In Shonibare's version of the sculpture the girl is headless. And look at what she is wearing - a multicoloured cloud of skirts and petticoats and a distinct lack of satins and silks. 

Nigerian-born Shonibare comments on the sails of HMS Victory: "We think of some fabrics as African textiles; in fact these are Indonesian textiles produced by the Dutch for the African market. I'm interested therefore in their global nature, in the Indonesian, Dutch and indeed British connections, since they were also manufactured in Manchester. The sails are a metaphor for the global connections of contemporary people. This piece celebrates the legacy of Nelson – and the legacy that victory at the battle of Trafalgar left us is Britain's contact with the rest of the world, which has in turn created the dynamic, cool, funky city that London is."



BEDFORDBURY GALLERY (now closed)  26.10.10
This picture has a strong physical presence: it divides into two rectangles of colour – rough, tufty green grass below and blue sky above - both  splintered by delicate but feisty buttercups with all their associations of children’s guessing games, nosegays and posies. And the angle ensures that we are no longer in a grown up world which looks down or across the scenery while tramping across a meadow. Like children, we’re there below, among a forest of plants and tiny unseen creatures. You can almost feel an additional  invisible presence in the picture, the sun, which must be around somewhere because the buttercups are stretching towards it so vigorously.

Pictures with Presence, Looking with the eyes of the soul  is the title of the show.  Ann Bromley  offers ‘an exhibition of photographs, an invitation to inner peace’. The timing of the exhibition ‘celebrates the visit to London of Eckhart Tolle’ (author of The Power of Now).
I saw it on a cold, sunny, Sunday morning after a walk across Waterloo Bridge to the edge of Soho. Bedfordbury Gallery offers exhibition space to artists or galleries on two light, airy floors in a street wedged between Trafalgar Square and Covent Garden. None of the photographs has a title. Image 27  describes the picture above because the artist fears that anything more specific might contaminate the viewer’s individual response.  Each is in a limited edition of 15.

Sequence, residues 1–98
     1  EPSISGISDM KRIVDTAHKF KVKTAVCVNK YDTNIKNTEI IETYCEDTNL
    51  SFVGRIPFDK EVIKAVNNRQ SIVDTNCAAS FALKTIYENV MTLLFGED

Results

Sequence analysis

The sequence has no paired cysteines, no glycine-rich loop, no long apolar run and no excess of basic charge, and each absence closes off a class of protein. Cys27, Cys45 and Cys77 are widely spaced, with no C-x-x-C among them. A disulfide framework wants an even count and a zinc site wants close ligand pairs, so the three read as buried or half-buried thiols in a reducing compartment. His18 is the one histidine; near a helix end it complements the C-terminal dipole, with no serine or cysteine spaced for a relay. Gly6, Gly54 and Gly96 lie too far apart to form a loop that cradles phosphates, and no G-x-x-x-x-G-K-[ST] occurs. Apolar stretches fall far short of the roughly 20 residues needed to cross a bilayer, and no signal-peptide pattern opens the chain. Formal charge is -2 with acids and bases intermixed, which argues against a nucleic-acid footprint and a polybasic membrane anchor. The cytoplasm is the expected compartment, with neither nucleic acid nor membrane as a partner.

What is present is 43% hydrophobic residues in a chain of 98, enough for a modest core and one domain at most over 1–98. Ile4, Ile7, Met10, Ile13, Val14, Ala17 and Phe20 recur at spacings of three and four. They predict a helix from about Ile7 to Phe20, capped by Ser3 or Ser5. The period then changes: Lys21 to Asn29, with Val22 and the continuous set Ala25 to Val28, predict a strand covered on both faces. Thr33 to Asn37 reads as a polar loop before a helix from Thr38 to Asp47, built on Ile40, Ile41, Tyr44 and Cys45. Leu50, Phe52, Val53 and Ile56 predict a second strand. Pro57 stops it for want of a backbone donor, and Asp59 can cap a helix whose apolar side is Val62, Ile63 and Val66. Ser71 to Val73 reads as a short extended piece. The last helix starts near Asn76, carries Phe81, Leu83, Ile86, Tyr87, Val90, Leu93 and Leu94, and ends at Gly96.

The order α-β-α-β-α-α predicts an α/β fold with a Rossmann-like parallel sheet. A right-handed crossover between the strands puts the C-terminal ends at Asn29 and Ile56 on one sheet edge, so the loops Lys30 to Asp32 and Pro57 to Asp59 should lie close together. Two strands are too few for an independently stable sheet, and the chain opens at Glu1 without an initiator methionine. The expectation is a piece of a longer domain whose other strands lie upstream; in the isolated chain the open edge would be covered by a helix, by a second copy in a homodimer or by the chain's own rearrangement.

Pen and ink on paper 21.5x21.5cm  
One of my daughters has been known to remark that I sometimes find a video of artists talking about their work more interesting than the work itself. I like the strong feeling of being allowed to go back stage. I recalled her words as I passed fairly quickly through some exquisite and perplexing work in the gallery until I reached an alcove with canvases and paintings stacked against the wall. I pressed an anonymous blue light on a machine hoping for the best. The fire alarm broke out. I had a few nasty seconds until I noticed that the workmen painting the street door of Art First Gallery were prepared for the noise and remained deeply unmoved.

       I stood watching Lewty being interviewed by Peter Larkin. Lewty’s work is idiosyncratic: he mixes pictures and calligraphy in a way which brings to mind English medieval illumination and our tradition of map making.
      ‘ You start with the desire to write, to record dreams,’ he says. But there has to be a structure. ‘You have to decide on paper size and ink and spaces and where to begin and when to end - but the rest is unfathomable’.  Lewty talks of ‘listening to what you want to do’. It strikes me that this is how some people talk about meditation.  ‘My mind is a very clouded place.. .you trust the enigma... something is given which comes with a sense of recognition, both strange and familiar’
      The video shows in real time how he writes, including the break whenever the pen lifts from the page, so you are left with a suspended part of a word, like a bird seen from far away. You have to wait patiently until there is a stab of recognition.

       What resonates with me most is when he says ‘... the words go on their own journey...I can’t decide if people read or see my work’.

Monday, 25 October 2010


Alf hadn’t considered his potential as a photographer’s model As I walked past Morley College window this photograph of my next-door-neighbour-but-three seemed to jump out of the window and shake me by the hand. Alf is a man who spent his life in the print industry. I know him as an elder at the church-on-the-corner, a family man and a spirited member of the community on our estate.  

I went into the Gallery to find out more. LIFE is the name of an exhibition mounted by Southside and designed to ‘explore identity, diversity and community’ through portraits of 20 local faces.    And what is Southside? A youth, media, music and arts project based in Waterloo which ‘gives quiet people voices’, through ‘constructive and creative opportunities’.   Why do they do that? To ‘inspire hope, motivate ambition and embrace diversity’.